© Darrell Arnold Ph.D.– (Reprinted with Permission)
Here’s a to-be-expected reaction to the [recent] mass shooting in El Paso … The governor of Texas states “The problem is not guns, it’s hearts without God.” People like the governor who propose this view—and you’ll hear it all day long … on Fox—are not phased in the least by the fact that Sweden, which is 50%-85% agnostic and atheist, has a homicide rate four to five times lower than ours. In fact, you’ll see an array of European counties with high rates of atheism and agnosticism have homicide rates four to six times lower than that in the US. Conversely, some countries with higher percentages of religious than the US (like Brazil) have higher homicide rates. But facts be damned! Our Republican politicians will be highlighting it and news media will again be reporting it as if it had some value. It’s a part of the US mass delusion—treated as a rational explanation.
This governor … is not some fringe figure but the leader of the second most populous state in the United States. He’s also just one of multiple Republican “leaders” we’ll hear today who is doing the same thing. And this is just one of many issues about which the governor and those like him are contributing to mass delusion. We see similar Republican talking points on climate change. The news will report non-scientific views on this [topic] too as if they deserve merit because they are widespread. Widespread views for which there is no good evidence don’t deserve equal coverage with ideas for which there is factual support. The US media will nonetheless pretend they do and fuel the flames of ignorance. Mass delusion in these cases is cultivated by disingenuous politicians and mass media.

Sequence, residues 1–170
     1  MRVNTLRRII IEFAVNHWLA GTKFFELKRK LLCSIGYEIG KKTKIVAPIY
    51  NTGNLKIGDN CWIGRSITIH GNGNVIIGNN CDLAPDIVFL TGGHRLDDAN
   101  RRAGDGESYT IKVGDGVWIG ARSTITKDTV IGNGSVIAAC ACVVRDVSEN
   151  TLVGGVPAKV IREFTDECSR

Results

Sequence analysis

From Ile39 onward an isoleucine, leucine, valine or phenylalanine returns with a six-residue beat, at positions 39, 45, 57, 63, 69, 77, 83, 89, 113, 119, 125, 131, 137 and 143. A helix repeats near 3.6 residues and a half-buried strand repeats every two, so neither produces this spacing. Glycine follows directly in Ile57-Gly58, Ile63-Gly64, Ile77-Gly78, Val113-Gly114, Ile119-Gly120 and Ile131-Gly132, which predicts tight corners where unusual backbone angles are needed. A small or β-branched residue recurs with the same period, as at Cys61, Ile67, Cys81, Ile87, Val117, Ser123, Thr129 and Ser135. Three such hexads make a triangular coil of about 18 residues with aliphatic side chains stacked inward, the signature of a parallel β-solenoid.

In this, dark money is a serious problem, coupled with media bubbles in which propaganda is touted as truth. Since the 1970s the Koch brothers have financed think tanks that have supported the hard right-wing ideology and placed hacks in the public sphere. Every time there is a mass shooting, we now get people calling for the conversion of hearts. We get people talking of the problem of video games. We get people talking of mental illness. And we get alleged experts repeating stupid tropes like “guns don’t kill people, people kill people.” It’s a sideshow. But it’s enough to satisfy non-curious and non-critical minds.
Look at the data. No one bothers. It’s enough to offer some “explanation” that sounds plausible enough to those who have time for 20 seconds of reflection on the questions. The last statement about people killing people really gets me. I grew up with a billboard outside of my hometown that had those words on it. We could of course also say that nuclear bombs don’t kill people, people kill people. Somehow, though, this doesn’t lead us to want to arm everyone with a nuclear weapon. We realize that nuclear weapons make it easy to kill many people at the push of the button. Similarly, of course, guns make it easier to kill people at the pull of a trigger. This is much simpler than with knives or spoons or one’s bare hands. Where we see a problem like ours with guns, we might think it wise to regulate them.
But this suggestion will be rejected by the crowd busy blaming the violence on anti-religiosity, or even the lack of guns. For God’s sake, this nonsense is tiring. You’d think that we’d hit a critical mass of dead children where people would have enough and would demand action. But don’t hold your breath. There seems to be little interest in a critical analysis when the superficial one gets you what you want — policies that support open markets and continued access to money from gun sales. Every policymaker needs his priorities. We could surely see what the priorities of our own policymakers are if we cared to open our eyes to see how they are manipulating public opinion.